Core training doesn’t help athletes they say

Kemme Fitness is about Functional Fitness.  I have 4 dimensions in my idea of Functional Fitness. They are that we work movements not muscles, that it is core-centered, that it is about more than just strength, and high intensity interval training, HIIT, should be a component.

See the italics above?  My program is core-centered. What do I do with some of the research such as the one done at Indiana State University, which indicates that a strong core is not really that advantageous for athletes?

Well I could argue that the study only measured certain exercises, or that the sample was too low (it was). I could try and attack the study, but you know what?  I’m not going to do that. I will concede and say that college athletes don’t need to focus on their core in their program.

“What? What about your endless preaching on Functional Fitness and your core-centeredness Pete? You are just going to lie down and concede?  So much for sticking to your ideals!”

Hang on now. I am conceding, but I’m not backing down on my ideals. If you were to read that study thoroughly, you will notice that the researchers talk about how those college athletes all already had a strong core and so they needed to focus on sport-specific movements.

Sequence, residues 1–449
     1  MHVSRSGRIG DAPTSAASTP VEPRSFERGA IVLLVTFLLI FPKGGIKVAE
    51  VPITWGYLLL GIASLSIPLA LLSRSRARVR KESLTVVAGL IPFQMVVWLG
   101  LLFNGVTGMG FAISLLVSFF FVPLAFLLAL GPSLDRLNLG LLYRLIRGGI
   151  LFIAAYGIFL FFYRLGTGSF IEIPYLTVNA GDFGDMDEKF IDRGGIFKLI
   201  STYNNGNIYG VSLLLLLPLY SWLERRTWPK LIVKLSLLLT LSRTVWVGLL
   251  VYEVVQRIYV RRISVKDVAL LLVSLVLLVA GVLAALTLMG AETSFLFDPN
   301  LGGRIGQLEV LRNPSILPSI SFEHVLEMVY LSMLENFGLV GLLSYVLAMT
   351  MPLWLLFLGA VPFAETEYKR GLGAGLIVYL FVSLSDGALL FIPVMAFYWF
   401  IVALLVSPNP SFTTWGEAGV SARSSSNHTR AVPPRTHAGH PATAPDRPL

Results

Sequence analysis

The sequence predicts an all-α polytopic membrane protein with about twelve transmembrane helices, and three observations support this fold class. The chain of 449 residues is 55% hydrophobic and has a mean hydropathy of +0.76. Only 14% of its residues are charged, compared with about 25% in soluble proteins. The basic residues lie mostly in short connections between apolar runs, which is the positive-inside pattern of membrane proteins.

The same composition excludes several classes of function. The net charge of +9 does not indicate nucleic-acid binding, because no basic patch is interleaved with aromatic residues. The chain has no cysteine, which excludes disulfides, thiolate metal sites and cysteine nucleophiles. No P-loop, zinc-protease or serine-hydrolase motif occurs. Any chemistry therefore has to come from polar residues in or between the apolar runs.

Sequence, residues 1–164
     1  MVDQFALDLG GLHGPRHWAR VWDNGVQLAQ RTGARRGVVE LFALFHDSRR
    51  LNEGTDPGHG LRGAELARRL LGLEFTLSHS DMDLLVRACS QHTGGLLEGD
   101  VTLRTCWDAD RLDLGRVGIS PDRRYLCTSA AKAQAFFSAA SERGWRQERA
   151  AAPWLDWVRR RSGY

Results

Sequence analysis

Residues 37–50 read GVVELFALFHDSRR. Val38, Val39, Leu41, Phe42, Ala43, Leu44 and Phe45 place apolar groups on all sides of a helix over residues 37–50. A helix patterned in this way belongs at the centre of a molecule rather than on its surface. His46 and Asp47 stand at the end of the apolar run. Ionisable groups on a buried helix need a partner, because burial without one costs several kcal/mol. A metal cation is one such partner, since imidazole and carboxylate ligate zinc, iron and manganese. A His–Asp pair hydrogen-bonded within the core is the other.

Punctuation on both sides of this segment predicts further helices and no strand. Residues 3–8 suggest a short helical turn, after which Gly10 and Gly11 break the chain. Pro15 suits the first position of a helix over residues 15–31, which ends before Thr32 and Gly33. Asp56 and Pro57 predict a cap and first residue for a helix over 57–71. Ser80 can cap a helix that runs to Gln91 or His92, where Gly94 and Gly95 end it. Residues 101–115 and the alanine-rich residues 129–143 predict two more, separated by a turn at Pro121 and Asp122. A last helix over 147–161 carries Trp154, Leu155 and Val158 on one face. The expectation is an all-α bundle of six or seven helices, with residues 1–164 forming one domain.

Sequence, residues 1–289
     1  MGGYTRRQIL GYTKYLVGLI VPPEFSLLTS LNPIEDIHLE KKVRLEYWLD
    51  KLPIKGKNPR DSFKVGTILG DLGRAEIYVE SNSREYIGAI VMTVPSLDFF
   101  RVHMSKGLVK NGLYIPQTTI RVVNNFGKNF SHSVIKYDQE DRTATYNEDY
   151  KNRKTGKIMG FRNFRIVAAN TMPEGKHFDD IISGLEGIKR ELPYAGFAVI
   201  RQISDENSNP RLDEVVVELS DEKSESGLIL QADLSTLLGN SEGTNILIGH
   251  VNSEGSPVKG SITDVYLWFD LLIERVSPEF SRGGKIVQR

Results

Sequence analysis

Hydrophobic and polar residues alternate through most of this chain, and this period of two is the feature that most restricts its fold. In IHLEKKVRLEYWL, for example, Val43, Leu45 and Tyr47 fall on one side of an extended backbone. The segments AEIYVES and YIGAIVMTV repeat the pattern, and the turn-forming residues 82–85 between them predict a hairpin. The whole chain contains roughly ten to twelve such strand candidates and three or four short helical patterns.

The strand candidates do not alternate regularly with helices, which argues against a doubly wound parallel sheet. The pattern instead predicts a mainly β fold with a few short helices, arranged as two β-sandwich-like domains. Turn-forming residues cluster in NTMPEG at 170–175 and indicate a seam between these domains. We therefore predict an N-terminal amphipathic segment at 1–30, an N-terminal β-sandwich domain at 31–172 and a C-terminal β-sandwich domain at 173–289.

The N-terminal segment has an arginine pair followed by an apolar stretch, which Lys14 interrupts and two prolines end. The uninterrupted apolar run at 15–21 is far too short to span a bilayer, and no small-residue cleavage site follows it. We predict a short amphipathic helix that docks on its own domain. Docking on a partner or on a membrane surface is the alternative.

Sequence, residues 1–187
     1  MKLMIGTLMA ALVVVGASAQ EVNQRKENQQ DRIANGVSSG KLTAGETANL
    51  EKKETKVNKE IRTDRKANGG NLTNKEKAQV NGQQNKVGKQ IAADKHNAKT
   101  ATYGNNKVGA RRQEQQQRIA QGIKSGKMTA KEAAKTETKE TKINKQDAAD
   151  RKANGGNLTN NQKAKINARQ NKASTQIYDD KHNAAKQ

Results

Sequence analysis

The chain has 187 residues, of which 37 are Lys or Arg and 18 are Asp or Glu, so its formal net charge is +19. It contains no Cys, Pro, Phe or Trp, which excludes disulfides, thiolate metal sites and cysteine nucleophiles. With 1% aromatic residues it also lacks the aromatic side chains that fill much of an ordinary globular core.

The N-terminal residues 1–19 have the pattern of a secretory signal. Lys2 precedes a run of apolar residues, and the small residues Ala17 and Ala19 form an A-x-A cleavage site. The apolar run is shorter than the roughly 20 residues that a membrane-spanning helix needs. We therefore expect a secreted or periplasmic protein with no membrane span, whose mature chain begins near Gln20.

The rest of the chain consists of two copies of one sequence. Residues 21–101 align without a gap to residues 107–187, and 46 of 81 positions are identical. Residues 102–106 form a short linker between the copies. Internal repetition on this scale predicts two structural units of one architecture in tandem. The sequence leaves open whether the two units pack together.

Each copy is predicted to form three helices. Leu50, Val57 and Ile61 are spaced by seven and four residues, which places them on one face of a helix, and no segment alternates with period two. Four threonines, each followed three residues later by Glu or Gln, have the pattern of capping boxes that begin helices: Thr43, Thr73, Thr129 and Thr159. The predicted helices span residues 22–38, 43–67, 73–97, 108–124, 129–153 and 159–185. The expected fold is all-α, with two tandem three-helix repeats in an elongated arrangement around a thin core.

Let me repeat that:  They needed to work on sport-specific movements.

Hmm, still working movements, not muscles (1 of my dimensions of Functional Fitness). As far as one of the other dimensions, the one concerning being core-centered, that is true. Unless you are already as functionally fit as those college athletes are, guess what?  Those studies do not apply to you. You are most likely outside of that study.

Here is a good test to help you.

The Core Test. Lie flat on the ground on your stomach. Put your hands up next to your head so that your thumbs are touching your temples. Move your hands out a bit to the side, keeping them in line with your temples. Lift your elbows off the ground, keeping your hands flat on the ground. Now try to push your whole body up so you are only on your toes and the palms of your hands. Push yourself all the way so your arms are locked out and you are in the top part of a Push-up. Did you raise your shoulders before your butt got off the ground, or could you tighten your core enough to raise your whole body up evenly? If your shoulders came up first, you need to improve your core strength.  Don’t worry, this is most people.

So for us who are not college athletes training all week long for hours on end in our sports program, you are not off the hook. Your Functional Fitness program still needs to be core-centered. If you happen to be in that level of fitness, then feel free to work those MOVEMENTS that will help you with your favorite sport.

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